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Sunday, April 30, 2023

USB Power Bank

 I got one of those Leed's USB power bank from my apartment building during a planned power outage.  It blew up when I tried to charge it.  There wasn't a whole lot I could reverse engineered from the dead parts. There was a 5-pin and a 6-pin chips and a bunch of passives. My understanding is that it uses an inverting buck boost converter for both charging and output as the VUSB pins of both the USB connectors are connected together.

I finally got around to rebuild it from scratch this weekend with what I have on hand.  The parts I have were from aliexpress before the big chips shortages. I use a LTC4054 Li-ion charger chip and a MT3608 boost converter. 

The charging rate is limited by heat dissipation on a tiny single sided PCB.  The output current is limited by the Schottky diode, inductor and battery discharge rate to about 1A (or slightly higher) or so matching to the original power bank.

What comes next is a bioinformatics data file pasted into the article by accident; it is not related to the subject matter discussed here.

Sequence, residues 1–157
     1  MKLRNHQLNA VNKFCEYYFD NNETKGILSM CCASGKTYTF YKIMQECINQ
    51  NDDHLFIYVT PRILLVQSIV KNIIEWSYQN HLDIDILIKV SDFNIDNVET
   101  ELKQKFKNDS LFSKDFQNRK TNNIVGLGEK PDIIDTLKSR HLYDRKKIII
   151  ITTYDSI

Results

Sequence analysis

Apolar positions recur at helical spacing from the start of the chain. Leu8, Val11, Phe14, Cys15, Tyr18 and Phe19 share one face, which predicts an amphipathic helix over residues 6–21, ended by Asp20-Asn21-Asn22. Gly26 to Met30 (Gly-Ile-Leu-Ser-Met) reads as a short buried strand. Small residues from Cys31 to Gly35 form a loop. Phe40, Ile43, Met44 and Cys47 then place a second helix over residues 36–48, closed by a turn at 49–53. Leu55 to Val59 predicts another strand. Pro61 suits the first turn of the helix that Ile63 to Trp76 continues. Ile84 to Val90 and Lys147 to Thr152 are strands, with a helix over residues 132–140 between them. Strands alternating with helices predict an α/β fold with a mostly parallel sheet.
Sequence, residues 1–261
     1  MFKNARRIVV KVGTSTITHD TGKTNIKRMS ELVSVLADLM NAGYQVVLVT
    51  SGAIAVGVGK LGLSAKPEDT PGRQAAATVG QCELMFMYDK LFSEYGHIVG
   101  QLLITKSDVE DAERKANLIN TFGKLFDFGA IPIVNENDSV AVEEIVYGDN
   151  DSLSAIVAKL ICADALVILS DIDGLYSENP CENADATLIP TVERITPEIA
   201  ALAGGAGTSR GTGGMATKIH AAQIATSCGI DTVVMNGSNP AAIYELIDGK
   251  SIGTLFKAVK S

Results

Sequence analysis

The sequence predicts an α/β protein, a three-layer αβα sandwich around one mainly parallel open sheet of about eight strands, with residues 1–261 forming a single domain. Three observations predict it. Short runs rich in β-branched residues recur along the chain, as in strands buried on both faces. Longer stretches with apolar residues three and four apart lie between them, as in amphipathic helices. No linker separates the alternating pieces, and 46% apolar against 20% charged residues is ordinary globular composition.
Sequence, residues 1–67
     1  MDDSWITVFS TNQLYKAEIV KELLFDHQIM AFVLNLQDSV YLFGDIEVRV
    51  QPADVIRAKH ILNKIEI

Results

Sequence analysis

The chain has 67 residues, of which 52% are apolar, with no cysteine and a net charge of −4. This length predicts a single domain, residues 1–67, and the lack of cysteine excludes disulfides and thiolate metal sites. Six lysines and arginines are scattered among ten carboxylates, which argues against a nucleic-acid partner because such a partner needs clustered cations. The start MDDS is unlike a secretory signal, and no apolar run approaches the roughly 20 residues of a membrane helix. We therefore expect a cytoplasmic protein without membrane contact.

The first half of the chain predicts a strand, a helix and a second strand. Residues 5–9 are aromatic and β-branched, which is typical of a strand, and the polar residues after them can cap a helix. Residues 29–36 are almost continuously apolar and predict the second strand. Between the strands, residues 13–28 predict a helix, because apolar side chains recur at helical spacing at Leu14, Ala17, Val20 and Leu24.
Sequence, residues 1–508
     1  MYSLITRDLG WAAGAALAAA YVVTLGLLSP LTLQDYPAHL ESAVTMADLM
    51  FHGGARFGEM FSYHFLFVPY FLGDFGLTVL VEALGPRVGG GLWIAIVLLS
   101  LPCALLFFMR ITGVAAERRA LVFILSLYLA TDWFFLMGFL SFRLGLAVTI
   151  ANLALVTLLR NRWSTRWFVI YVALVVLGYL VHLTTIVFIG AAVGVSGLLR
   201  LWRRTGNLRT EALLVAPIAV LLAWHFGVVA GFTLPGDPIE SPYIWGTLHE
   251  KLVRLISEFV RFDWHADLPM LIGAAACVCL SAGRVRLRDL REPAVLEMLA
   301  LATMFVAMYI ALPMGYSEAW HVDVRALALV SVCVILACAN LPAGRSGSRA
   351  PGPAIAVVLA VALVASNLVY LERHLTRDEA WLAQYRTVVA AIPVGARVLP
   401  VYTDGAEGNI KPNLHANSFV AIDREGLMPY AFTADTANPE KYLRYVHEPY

Power bank schematic

Q1 and the 1M pull down (R3) is used to invert the logic level of my switch to drive the Boost converter Enable pin.  The switch is also used to connect the R2 from the voltage divider feedback to the ground.  RGB LED is used as for Charging/Operating indicator.  

The converter goes into a PFM (Pulse Frequency Modulation) power saving mode for low current loads.
I used Green LED as they have the highest efficiency.  It is connected across the inductor to reduce idle power.  It only get energized only when the boost converter is supplying current to the load.  The brightness is proportional to load.  Fancy!